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Monday, March 10, 2014
- Civilian deaths due to drone strikes in Pakistan are falling rapidly, and the death rate is now close to zero – or so asserts a New America Foundation (NAF) report.
The report was authored by Peter Bergen and Jennifer Rowland of NAF, a public policy think tank based in Washington DC. Bergen is the cable news channel CNN’s national security analyst and a director of NAF, and Rowland is a programme associate.
The report states that since 2004, there have been 310 drone strikes in northwest Pakistan, killing between 1,870 and 2,873 individuals, of whom 1,577 to 2,402 were described as militants in reliable press accounts. This would put the overall civilian fatality rate at 16 percent.
Bergen and Rowland say that they used data compiled by the NAF, and the most “reliable press sources” which include the New York Times, Reuters, Washington Post, Associated Press to name a few, and leading English media outlets in Pakistan: Dawn, Express Tribune and Geo TV.
However, some sceptics challenge the accuracy of the report, based on NAF’s statistical database.
Chris Woods of the Bureau for Investigative Journalism (TBIJ) believes that NAF has not only underestimated the number of strikes and civilian deaths, but adds that civilian death percentages need to be treated with extreme caution.
“It (NAF) relies only on a small number of media reports immediately following a strike. Sometimes we learn crucial facts days, weeks or even months after an initial attack,” he told IPS.
“In February of this year, for example, a major investigation by Associated Press, based on 80 eyewitness testimonies from civilians in Waziristan, found previously unknown evidence of civilian deaths in 20 percent of the sampled strikes. Unfortunately, NAF has not incorporated these important findings into its data,” said Woods.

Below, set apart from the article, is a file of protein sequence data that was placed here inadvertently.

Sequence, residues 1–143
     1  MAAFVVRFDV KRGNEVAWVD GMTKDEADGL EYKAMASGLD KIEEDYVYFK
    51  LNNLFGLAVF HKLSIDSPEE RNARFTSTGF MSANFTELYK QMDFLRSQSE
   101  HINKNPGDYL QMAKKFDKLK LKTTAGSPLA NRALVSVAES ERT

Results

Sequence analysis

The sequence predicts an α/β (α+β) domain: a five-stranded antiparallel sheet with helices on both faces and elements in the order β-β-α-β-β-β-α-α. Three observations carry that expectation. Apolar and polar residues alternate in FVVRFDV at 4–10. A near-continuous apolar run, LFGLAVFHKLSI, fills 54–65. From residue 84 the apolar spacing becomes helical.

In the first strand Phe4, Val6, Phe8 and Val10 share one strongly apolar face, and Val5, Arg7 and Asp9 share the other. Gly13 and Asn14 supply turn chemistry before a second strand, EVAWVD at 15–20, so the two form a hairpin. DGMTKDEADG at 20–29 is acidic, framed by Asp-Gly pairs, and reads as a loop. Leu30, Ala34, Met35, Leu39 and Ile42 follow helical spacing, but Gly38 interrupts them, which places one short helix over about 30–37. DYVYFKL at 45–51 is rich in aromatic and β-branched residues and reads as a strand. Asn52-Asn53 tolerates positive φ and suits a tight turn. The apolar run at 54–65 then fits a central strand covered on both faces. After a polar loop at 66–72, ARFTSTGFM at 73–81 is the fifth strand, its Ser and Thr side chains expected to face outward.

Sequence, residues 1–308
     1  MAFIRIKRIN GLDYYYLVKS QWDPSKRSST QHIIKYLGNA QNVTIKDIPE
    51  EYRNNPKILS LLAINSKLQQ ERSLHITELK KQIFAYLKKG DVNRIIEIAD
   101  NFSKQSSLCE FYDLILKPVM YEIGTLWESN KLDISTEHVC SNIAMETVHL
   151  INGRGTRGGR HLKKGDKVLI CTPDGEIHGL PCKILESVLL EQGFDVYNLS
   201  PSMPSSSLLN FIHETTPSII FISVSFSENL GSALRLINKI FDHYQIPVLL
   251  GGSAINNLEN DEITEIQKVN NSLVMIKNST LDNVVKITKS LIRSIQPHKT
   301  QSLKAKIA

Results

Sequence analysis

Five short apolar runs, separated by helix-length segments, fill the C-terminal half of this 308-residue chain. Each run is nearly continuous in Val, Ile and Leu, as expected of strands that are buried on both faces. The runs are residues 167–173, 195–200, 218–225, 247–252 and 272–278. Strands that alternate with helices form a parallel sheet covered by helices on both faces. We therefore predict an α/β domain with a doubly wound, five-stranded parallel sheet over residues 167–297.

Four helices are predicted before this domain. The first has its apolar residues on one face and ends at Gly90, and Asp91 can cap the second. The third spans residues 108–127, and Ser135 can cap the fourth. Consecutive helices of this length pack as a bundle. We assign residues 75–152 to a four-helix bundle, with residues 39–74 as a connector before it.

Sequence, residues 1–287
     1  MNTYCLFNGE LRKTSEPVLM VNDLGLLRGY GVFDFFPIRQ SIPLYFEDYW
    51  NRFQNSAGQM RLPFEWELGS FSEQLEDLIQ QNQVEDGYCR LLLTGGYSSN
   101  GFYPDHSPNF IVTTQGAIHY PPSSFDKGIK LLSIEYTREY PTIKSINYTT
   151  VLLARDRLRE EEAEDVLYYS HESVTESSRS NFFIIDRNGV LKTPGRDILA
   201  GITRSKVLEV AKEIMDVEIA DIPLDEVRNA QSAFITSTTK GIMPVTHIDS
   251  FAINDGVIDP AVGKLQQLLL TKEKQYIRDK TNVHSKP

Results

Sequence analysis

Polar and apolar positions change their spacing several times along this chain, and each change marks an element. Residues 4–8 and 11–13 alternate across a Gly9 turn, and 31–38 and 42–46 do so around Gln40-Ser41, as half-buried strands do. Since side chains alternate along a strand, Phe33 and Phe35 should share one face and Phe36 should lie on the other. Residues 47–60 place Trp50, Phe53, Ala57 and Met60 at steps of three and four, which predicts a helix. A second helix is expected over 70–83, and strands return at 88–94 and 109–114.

TBIJ’s own data puts the total number of drone strikes at 355, with a minimum of 2,513 people killed, of whom between 482 and 835 were civilians.
CNN’s controversial graph released with the report puts civilian deaths at zero for 2012.
Muhammad Idrees Ahmad, a sociologist and journalist, is scathing in his criticism of the report.
“NAF plays fast and loose with its statistics, and in some cases it deliberately misreports,” he told IPS. “Two particularly egregious cases where civilian casualties were actually reported even in the U.S. press were either omitted or misreported in the database.”
For example, as reported by Ahmed for Al-Jazeera, 82 children were killed at a seminary in Bajaur on Oct. 30, 2006. The NAF database continues to list the number as “80 militants”.
In another incident on Aug. 14, 2010, the AP reported seven civilian deaths, which are still listed as seven “militant” deaths in the database.
Likening Bergen’s report to propaganda, Ahmed argues that there are no “reliable press accounts” when it comes to Pakistan’s Federally Administered Tribal Areas (FATA). He says that the redefinition of the term “militant” – which now encompasses any male citizen over the age of 18 in a combat zone – has not only skewed reporting figures, but given license to more indiscriminate targeting.
Not one to cut the Pakistani government any slack, Ahmed says that it is in the interest of the United States as well as Pakistani authorities to lowball the figures. Pakistani officials would want to minimise public anger and outrage, and reporting militant deaths plays well to this particular stance.
“The Pakistani government doesn’t even make an effort to confirm the identity or category of the victims. I’ve asked people in FATA. They confirm that no one from the Pakistani government/military ever visits after an attack to confirm who the actual victims were. It’s convenient to declare them all ‘militant’,” said Ahmed.